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Lucky Bamboo and Other Potted Trees

Gardening Reference » Gardening in 2006
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by Jmateo6631 on February 21, 2006 11:00 AM
Hello everyone. I am new to this forum on this website and i have two very green thumbs. recently, I was given a lucky bamboo which was already in a pot. Now, as most are, some of the stalks were cut back. I have heard that the stalks will grow back in vigour their shoots, but i do not know how. I have already put drops of water on the tips of the stalks which were cut back to stimulate some sort of growth, but I am not sure if what I am doing is appropriate. I do not know, even, if the stalks should always be kept trimmed to that short height. Someone please respond to my message, as it will be greatly appreciated. ~~~Thankyou~~~
by Cricket on February 21, 2006 11:32 AM
Lucy Bamboo (Dracaena sanderana) grows shoots from the side of the stalk. There is no need to trim the stalks.

Sanderanas grow best in medium to bright indirect light. Direct sunlight will cause the leaves to become an unhealthy pale green.

Is your plant in a pot with soil or water? Many are sold in water with only gravel chips anchoring the roots. If this is the case, change the water weekly, adding a small amount of very dilute fertilizer monthly. Sanderanas can live in water for a long time but usually begin to deteriorate after about a year. Better yet is if the plant is potted directly in soil in a small pot where it will grow more quickly and vigorously and remain healthy looking for much longer. Fertilizing is unnecessary if potted in soil.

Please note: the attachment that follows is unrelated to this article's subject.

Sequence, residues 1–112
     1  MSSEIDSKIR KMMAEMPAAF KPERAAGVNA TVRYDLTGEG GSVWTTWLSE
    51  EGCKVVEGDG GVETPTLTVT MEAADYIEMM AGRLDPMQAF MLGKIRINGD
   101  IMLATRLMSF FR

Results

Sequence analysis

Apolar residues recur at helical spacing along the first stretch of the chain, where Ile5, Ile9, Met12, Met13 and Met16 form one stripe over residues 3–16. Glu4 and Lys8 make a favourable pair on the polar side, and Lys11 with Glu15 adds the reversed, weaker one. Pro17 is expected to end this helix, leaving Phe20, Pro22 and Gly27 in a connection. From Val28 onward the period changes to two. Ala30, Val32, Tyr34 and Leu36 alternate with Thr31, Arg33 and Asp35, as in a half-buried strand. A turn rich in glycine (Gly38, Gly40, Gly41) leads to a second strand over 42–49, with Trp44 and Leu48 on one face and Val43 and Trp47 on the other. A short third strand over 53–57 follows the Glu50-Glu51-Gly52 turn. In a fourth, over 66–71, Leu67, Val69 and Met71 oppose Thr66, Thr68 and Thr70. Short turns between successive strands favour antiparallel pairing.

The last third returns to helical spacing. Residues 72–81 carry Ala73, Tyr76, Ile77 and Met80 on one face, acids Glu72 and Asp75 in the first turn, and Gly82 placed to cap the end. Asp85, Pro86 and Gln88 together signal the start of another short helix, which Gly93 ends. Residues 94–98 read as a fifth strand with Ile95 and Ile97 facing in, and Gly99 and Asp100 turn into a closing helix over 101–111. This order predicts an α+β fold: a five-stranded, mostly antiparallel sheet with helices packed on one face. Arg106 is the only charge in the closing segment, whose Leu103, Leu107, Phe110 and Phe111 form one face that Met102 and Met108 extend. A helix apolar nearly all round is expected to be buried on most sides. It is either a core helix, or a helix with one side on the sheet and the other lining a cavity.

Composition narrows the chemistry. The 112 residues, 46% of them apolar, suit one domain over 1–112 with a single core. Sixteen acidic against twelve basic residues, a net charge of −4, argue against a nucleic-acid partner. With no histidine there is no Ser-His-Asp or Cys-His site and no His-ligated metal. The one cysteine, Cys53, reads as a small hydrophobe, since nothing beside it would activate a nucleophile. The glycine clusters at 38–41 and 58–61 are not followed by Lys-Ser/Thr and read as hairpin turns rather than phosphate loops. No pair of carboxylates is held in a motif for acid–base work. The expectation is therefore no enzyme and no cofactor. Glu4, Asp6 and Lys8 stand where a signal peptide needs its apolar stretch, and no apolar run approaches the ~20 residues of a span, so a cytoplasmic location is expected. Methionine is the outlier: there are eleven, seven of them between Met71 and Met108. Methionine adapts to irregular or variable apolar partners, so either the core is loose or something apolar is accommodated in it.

Enjoy your Lucky bamboo for however long it lasts and don't feel badly if it deteriorates sooner than most plants. This is a novelty plant made popular through marketing, not because of its longevity or durability.
by Jmateo6631 on February 25, 2006 09:34 AM
My bamboo came in a pot with water. PLease tell me more about the plant in soil and how it is "better yet," please.
by Cricket on February 25, 2006 06:09 PM
D. sanderina is not an acquatic plant, though it will live for quite a long time in water. Water doesn't provide the nutrients of soil and though you can fertilize with a balanced fertilizer containing trace minerals, it is very easy to overfertilize because the plant consumes very little nutrients. Eventually (usually after the first year, the plant begins to deteriorate.

It is better to pot sanderinas in a small pot using a peat-based commercial mix. Roots need a balance of water and air both of which are obtained through soil structure. Pockets of air in soil are displaced each time you water, which then in turn displaces water as the soil dries.

Sanderinas are not particularly long-lived but you can lengthen its life and appearance by potting in soil. Place the plant in a medium - bright indirect light location (direct sunlight will cause the leaves to pale), and let dry out moderately between waterings. Overwatering will lead to root rot.

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